India’s Ambassador to the US, Taranjit Singh Sandhu, has raised the issue of export hurdles for critical vaccine raw material with the Biden administration. Foreign Secretary Harshvardhan Shringla said this is a bilateral issue between the Indian and US side and has been taken up.
However, a source said that so far, there has been no assurance from the US side of any easing out, adding that it is work in progress.
The matter was taken up after the Serum Institute of India raised concerns that the invoking of the US Defence Production Act could lead to shortage of cell culture medias, single-use tubing assemblies and also some specific chemicals from the US.
At a World Bank panel discussion on March 4, CEO Adar Poonawalla publicly indicated that invoking of the Act was leading to limiting the production of their Covid-19 vaccine, Covishield.
When a question was put to US NSA Jake Sullivan on Friday, he had said, “I do not believe there is a ban”.
Technically, there is no ban — even temporary — is what the US side is indicating. However, the Defence Production Act invoked by the US President to meet targets of vaccination in America is having a fallout elsewhere, especially India’s and the world’s largest vaccine manufacturer, SII.
This is because the law gives the US government more control during emergencies to direct industrial production. The Act allows for companies to accept and prioritise contracts for services and materials deemed necessary to aid US national defence. It is this prioritisation that is acting as a hurdle in swifter exports towards India as US is itself trying to meet ambitious targets for vaccinating its own population on priority.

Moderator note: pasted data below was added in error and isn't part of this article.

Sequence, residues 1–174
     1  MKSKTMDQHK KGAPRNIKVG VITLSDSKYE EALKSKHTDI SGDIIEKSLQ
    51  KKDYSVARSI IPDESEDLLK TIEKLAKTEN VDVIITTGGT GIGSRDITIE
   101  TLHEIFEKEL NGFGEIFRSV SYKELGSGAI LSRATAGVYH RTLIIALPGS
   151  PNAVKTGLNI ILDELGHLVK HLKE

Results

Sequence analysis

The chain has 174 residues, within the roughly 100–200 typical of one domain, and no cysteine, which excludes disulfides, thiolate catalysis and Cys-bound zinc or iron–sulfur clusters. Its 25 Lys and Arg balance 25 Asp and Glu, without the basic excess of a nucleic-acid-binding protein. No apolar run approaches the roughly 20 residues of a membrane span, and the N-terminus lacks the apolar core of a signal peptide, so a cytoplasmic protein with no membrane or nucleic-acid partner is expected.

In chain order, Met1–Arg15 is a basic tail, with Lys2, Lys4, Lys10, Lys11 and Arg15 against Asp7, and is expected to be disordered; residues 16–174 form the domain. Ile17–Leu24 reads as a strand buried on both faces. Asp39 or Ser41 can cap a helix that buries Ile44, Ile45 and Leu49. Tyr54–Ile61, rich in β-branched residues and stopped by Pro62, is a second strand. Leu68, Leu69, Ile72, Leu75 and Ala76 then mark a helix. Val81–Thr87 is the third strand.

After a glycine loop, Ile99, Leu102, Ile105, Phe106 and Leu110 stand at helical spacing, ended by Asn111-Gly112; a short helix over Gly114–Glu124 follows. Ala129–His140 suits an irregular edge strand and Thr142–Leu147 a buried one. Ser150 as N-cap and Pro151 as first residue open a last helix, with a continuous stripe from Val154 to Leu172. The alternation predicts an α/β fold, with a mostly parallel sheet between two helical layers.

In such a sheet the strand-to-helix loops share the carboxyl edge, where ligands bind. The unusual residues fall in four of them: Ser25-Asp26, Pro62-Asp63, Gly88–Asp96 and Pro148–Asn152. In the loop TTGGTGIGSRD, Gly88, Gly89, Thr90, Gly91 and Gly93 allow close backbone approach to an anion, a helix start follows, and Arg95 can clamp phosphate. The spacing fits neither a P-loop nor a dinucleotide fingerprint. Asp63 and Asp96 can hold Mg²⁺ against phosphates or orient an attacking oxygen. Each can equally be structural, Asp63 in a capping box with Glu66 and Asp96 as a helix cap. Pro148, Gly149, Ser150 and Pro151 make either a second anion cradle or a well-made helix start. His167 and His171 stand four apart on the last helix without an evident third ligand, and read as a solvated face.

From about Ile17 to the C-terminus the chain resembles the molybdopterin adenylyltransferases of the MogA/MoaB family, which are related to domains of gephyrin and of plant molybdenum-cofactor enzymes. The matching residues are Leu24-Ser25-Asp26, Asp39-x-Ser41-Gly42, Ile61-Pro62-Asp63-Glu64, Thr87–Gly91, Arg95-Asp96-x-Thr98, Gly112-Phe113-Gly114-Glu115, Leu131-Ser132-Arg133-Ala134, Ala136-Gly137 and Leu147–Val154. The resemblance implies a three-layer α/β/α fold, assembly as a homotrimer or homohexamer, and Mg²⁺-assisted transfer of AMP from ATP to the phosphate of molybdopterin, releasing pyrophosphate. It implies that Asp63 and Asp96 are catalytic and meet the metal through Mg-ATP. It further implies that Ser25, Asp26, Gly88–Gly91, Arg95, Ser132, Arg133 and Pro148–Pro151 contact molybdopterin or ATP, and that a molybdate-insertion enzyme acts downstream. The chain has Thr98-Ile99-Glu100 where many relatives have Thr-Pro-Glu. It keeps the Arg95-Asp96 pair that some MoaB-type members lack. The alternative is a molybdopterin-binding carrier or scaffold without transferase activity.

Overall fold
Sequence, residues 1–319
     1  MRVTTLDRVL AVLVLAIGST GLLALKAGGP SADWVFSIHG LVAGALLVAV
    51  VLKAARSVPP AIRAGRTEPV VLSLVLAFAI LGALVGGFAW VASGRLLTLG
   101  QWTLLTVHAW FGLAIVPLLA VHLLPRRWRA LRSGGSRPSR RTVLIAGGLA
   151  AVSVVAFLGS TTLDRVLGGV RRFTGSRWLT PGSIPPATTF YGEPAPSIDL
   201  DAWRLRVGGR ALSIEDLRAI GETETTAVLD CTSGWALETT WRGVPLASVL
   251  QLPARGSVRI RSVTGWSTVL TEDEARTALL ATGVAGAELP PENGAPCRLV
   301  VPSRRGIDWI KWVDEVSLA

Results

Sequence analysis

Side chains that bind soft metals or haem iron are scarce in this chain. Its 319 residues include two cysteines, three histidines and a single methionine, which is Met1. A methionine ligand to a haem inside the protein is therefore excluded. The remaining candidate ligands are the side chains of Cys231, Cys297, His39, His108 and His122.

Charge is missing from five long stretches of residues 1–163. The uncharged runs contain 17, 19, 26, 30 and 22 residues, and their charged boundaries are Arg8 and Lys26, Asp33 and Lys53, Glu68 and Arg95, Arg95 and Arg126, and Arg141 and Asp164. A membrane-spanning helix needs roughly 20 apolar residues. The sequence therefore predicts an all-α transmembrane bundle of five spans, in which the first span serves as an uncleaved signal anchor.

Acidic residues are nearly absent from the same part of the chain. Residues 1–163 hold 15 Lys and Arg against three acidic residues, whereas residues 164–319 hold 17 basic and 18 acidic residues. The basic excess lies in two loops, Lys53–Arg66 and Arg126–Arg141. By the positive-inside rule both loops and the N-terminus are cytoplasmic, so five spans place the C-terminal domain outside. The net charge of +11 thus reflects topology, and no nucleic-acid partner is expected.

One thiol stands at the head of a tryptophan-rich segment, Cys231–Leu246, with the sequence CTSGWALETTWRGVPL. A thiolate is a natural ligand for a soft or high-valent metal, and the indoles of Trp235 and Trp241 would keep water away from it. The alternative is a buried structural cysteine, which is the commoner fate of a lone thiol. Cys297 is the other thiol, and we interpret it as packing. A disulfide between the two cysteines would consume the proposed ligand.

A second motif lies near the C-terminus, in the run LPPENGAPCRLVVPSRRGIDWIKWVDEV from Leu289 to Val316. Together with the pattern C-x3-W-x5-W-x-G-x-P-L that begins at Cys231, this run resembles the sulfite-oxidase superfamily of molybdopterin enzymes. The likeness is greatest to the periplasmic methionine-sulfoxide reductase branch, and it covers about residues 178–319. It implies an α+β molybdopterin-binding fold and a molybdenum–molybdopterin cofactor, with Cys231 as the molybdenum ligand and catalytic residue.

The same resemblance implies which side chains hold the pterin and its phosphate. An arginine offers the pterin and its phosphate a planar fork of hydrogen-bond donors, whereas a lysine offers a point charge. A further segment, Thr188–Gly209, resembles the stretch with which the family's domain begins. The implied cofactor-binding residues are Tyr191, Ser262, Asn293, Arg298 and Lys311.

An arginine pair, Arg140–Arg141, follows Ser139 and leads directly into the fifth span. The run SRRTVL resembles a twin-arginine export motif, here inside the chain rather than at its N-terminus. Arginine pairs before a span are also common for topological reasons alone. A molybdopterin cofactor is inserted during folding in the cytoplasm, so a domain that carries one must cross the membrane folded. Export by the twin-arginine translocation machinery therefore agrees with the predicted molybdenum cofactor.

In February, after the Act was invoked, White House Press Secretary Jen Psaki said, “… it means our work is ongoing with companies to ensure that we are expediting the manufacturing of materials to ensure that we can get 100 million shots in the arms of Americans.”
On the other hand, priced at $3 per shot, Covishield was projected as a vaccine benefitting low and middle-income countries to overcome the hardships of the pandemic. After an initial commitment of 100 million doses, a further collaboration between SII, Gavi and the Bill & Melinda Gates Foundation was meant to accelerate the manufacturing and delivery of up to an additional 100 million more vaccines in 2021.
Though this collaboration provides upfront capital to SII to help increase its manufacturing capacity but the critical raw material crunch is hemming it in.
When contacted, the US embassy spokesperson in India said, “The Biden Administration’s top priority is saving lives and ending the pandemic. The Biden administration also recognises that Covid-19 is a global challenge that requires a global response. The President is deeply focused on the issue of expanding global vaccination, manufacturing, and delivery, which will all be critical to end the pandemic.”
Interestingly, the United States had provided an initial $2 billion contribution to Gavi, the Vaccine Alliance, which is supporting the COVAX Facility Advance Market Commitment (AMC).
Meanwhile, on the other hand, the US has come together with Quad countries to counter China’s growing vaccine diplomacy. The Quad countries are undertaking a vaccine initiative under which Hyderabad-based Biological E will be producing Johnson & Johnson, one shot Covid-19 vaccine for the Indo-Pacific with funds provided by US and Japan and last mile coverage ensured by Australia.